The 50-inch high-def Pioneer plasma TV in the master bedroom is the most recent addition. Like a lot of people who've bought one of these pricey flat-panel beauties, the owners opted to take down a large painting that adorned the space above the fireplace mantle and replace it with a plasma screen. When the panel's on, its crisp images become the focal point of the room; switched off, its gray screen and frame allow it to take a back seat to a roaring fire or the panoramic view of Long Island Sound out the floor-to-ceiling bedroom windows.
While the TV signal comes from the same satellite receiver that feeds the Sony TV in the family room, a Panasonic combination VCR/DVD player allows the owners to watch tapes and discs without having to tramp downstairs to feed the components there. A Niles wall switch controls the room's in-ceiling speakers, allowing whoever's watching the bedroom TV to listen either to the sound from the TV or to whatever's playing on the house system.
Both technology and families change too quickly for most multiroom installations to sit still for long, and this one is no exception. What began as a simple family-room system soon had music outposts throughout the house, followed by the loud-as-you-want-to-rock garage retreat and now the master bedroom's state-of-the-art plasma display.
But the owners don't plan to stop there, hoping to go high-def in both the house and garage, run a local-area network from their high-speed cable modem, and place a couple more SoundHenge rock speakers out by the docks. They also want to upgrade to an Elan Via system to provide more control options throughout the house as well as full-motion color video on the system's touchscreen wall panels. Young already has the wiring in place to accommodate the Via system and a multiple-satellite dish to pick up high-def broadcasts. And the garage is ready to go when Dad decides he wants a larger projector and a movie-theater-like 16:9 aspect ratio screen.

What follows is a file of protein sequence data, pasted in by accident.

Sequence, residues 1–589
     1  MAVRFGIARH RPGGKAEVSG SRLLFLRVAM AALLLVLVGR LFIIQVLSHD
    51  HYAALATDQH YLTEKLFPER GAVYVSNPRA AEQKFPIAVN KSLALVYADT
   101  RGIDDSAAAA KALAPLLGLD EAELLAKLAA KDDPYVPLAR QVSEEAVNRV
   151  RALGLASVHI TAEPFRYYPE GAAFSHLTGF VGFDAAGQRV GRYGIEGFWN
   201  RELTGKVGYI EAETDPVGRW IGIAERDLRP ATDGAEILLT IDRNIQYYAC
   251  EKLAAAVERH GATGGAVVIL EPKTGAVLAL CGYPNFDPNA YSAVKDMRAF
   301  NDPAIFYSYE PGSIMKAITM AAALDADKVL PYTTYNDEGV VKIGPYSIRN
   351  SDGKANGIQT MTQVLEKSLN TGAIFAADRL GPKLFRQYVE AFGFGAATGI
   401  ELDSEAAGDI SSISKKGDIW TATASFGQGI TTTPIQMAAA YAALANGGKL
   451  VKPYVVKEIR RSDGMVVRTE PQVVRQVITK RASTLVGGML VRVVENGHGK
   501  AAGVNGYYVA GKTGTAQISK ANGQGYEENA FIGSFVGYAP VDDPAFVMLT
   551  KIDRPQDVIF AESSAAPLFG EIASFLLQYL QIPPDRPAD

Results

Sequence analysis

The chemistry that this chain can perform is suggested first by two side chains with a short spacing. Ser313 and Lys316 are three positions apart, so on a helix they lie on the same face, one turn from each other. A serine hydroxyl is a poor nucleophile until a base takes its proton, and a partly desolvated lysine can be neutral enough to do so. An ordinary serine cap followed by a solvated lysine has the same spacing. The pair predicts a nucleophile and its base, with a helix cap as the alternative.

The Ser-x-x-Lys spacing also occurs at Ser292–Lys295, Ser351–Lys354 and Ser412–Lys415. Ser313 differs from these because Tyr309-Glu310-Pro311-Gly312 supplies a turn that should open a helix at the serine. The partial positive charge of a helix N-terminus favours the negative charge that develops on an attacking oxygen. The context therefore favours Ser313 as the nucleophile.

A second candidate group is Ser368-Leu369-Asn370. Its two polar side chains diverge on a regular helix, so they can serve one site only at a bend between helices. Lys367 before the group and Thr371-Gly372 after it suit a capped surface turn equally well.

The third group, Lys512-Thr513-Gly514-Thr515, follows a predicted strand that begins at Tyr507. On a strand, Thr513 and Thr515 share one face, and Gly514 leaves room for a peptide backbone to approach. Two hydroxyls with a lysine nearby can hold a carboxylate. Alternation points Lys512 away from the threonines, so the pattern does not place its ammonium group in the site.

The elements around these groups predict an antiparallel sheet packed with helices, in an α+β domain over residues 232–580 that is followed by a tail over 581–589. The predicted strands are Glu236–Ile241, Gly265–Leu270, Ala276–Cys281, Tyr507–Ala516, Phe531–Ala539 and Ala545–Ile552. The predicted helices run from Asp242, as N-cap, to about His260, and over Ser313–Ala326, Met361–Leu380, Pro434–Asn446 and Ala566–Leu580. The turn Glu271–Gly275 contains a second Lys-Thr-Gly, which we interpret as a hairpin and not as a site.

Few people live in the kind of luxury that would allow them to install a multiroom or whole-house system all at once, so most installations have the same humble beginnings as the one here. As more and more people become aware of custom installation, and find themselves with the money to actually consider one, installers have made an effort to reach out to them, giving customers a way to go from simple Point A to elaborate Point B without losing their shirts or spouses in the process. Installations like the one here might not yet be common, but falling prices, rising technological sophistication, and rapidly expanding public interest could mean they soon will be.
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